Student Anni Rupponen, Nordic Visual Studies and Art Education (MA),
Aalto University School of Arts, Design and Architecture:
How do you archive images today? I am fascinated by printed photographs and original art works made on paper. I print annually a collection of photos from my life and store original hand-drawings to look at and to touch later.
When browsing my collection, I sometimes wonder why I wanted to archive this image – it feels now insignificant. My collection has taught me to see my memories differently. I have archived these images because stories connected to them were meaningful to me at the time of adding the images into my archive. Without my archive I would have probably forgot these stories forever.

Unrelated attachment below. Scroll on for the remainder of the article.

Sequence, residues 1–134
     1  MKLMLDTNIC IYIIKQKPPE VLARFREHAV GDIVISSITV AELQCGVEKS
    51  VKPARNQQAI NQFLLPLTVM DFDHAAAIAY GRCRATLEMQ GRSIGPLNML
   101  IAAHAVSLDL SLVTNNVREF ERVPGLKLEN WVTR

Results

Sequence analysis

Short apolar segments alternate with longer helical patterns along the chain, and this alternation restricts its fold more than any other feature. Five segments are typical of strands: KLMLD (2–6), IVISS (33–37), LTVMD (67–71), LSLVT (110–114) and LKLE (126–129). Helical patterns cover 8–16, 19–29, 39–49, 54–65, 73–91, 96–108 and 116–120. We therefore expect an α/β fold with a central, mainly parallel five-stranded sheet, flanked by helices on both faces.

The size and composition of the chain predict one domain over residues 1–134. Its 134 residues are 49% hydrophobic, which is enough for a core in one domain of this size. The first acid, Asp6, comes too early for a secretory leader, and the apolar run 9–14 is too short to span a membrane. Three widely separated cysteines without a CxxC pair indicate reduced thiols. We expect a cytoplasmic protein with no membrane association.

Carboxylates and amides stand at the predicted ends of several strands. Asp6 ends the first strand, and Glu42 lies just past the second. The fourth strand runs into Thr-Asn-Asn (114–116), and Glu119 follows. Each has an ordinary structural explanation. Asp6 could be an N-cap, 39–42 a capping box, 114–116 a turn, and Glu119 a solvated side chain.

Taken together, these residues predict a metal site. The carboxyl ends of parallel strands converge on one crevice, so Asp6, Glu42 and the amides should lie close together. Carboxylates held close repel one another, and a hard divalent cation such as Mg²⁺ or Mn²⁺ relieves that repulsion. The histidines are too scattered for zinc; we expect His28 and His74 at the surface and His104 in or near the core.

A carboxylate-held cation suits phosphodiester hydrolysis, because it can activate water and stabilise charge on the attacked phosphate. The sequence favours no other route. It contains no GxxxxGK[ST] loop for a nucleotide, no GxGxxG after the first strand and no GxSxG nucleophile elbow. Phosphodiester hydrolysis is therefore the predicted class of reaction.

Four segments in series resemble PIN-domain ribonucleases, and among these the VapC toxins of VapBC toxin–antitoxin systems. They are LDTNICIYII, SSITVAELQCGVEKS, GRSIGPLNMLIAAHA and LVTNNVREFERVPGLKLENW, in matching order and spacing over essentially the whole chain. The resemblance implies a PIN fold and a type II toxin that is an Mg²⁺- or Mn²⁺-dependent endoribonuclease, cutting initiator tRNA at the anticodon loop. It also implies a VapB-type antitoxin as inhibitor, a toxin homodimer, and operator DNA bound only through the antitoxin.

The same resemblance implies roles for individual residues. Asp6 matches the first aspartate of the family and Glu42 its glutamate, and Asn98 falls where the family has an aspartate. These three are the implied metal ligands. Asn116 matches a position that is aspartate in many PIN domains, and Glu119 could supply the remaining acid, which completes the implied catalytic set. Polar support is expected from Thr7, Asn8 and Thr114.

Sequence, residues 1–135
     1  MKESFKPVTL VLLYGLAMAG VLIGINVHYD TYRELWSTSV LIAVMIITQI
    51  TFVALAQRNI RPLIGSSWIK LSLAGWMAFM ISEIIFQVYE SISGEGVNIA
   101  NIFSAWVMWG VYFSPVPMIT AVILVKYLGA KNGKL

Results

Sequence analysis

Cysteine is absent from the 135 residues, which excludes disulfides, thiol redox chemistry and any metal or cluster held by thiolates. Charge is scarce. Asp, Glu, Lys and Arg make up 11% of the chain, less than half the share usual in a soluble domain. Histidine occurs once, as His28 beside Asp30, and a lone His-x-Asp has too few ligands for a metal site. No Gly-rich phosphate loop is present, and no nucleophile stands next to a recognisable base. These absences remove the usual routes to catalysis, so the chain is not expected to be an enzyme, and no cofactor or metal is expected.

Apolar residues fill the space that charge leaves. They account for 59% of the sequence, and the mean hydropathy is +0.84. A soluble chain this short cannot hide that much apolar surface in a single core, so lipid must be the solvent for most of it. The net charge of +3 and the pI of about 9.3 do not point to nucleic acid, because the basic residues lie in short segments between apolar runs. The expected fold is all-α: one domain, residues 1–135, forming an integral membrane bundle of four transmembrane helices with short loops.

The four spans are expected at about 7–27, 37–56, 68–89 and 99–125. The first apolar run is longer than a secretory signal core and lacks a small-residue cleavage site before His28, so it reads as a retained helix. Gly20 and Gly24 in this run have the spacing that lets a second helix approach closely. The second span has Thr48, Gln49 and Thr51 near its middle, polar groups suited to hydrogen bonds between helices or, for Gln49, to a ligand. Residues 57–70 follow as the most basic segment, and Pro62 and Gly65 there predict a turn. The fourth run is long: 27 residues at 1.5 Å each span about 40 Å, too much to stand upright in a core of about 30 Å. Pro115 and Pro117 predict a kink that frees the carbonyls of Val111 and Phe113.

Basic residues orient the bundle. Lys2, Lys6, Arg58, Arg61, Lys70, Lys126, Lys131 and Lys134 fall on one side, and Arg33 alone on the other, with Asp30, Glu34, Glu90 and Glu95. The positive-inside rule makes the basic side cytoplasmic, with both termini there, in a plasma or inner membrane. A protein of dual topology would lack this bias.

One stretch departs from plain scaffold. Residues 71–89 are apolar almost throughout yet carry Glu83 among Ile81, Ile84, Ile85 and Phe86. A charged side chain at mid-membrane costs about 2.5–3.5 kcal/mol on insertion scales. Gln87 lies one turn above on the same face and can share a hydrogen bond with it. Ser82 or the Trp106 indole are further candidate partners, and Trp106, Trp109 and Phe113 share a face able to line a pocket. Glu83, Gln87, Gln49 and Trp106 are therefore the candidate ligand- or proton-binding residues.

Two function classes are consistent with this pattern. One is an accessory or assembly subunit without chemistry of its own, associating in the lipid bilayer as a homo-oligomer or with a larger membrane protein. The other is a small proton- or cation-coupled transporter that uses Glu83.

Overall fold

It hasn’t been that long since art schools didn’t have paper model teaching materials. I wanted to exhibit a glimpse into a time when printed teaching materials were very rare and valuable in Finnish art schools. The images used in the installation present the collection from the first printed teaching materials of the Aalto School of Arts' predecessor's early years in 1870.
I feel lucky that I found these fascinating images which have ended up under the protection of Aalto University Archives. These images made me wonder how they were seen and used as educational materials, both at the time of their appearance and in the years after.
It is interesting to think how radically paper models have changed the visual art education. How the exhibited images have formatted visual art education’s current emphasis on teaching critical reading and thinking skills. These skills are precious at a time of endless images which we view and interpret every day.
Try out how viewing the same images as printed paper copies and then as digitized ones affect your interpretation.